Our model reproduces ocular pathologies detected in patients with closed globe injuries sustained from explosive blasts or blunt force trauma (e.g., corneal edema and decreased visual acuity with an intact globe).2,19 The goal of the current study was to use this model, where an over-pressure air blast is directed at the eye,19 to investigate cell death pathways activated in the retina after blast and to monitor vision over the course of 1 month. 
Materials and Methods
Animals
Three-month old C57Bl/6 mice (n = 67; The Jackson Laboratory, Bar Harbor, ME, USA) were maintained on a 12 hour light/dark cycle and provided food and water ad libitum. All procedures were approved by the Institutional Animal Care and Use Committee of Vanderbilt University and were in accordance with the ARVO Statement for the Use of Animals in Vision and Ophthalmic research. 
Ocular Blast Injury
Blast was performed as previously described.19 Briefly, mice were anesthetized with ketamine/xylazine and secured within a padded housing chamber. The left eye was positioned across from the barrel of a modified paintball gun and the rest of the mouse was protected from the blast wave. Output pressure was measured prior to and following each eye blast. Mice were exposed to a single 26 psi blast that had a time to peak of 3 ms and a duration of approximately 3.7 ms. Age-matched, nonblast, or sham-blast mice were used as controls. Mice were euthanized and perfused with 4% paraformaldehyde (PFA) in PBS at 3, 7, and 28 days post blast.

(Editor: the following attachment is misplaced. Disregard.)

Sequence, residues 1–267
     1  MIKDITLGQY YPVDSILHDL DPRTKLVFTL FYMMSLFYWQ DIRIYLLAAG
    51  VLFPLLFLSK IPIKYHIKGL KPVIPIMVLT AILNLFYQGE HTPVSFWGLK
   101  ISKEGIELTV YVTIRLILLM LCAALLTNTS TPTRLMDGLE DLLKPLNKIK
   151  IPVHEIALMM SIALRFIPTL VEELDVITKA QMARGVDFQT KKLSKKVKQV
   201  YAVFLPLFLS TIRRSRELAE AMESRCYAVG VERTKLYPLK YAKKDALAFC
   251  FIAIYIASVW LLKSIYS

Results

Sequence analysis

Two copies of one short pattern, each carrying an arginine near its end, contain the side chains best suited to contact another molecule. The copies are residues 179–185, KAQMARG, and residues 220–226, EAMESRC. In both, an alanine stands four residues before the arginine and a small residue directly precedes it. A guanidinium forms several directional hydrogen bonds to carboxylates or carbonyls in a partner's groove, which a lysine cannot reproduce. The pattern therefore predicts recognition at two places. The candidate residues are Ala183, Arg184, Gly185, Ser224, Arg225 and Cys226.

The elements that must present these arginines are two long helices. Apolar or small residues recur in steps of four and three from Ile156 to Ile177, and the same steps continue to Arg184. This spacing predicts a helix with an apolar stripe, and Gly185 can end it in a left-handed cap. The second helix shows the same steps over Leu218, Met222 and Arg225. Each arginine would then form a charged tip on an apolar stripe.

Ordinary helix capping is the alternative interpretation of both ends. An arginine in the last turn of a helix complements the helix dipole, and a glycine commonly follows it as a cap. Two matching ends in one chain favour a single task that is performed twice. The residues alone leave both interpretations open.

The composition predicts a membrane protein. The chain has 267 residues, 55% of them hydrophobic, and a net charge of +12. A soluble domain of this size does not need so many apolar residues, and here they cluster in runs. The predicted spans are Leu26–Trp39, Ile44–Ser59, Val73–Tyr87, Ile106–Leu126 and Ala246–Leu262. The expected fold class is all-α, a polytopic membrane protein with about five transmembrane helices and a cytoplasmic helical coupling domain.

Lipopolysaccharide (LPS) Injections
Adult mice were injected intravitreally with either PBS or 250 ng LPS. After 6 hours, mice were euthanized and eyes were collected for analysis.20 
Ultra-High Resolution Optical Coherence Tomography (OCT)
Mice (n = 16) were anesthetized with ketamine/xylazine, wrapped in gauze, and placed in a holder with their heads stabilized by a bite bar. Eyes were dilated with 1% tropicamide (Akorn, Lake Forest, IL, USA) and kept moist with Systane ultra drops (Novartis, Basel, Switzerland). Retinas were imaged with an ultra-high resolution spectral-domain OCT system and mouse retinal bore (Bioptigen, Durham, NC, USA). Measurements were made using digital calipers. 
Visual Acuity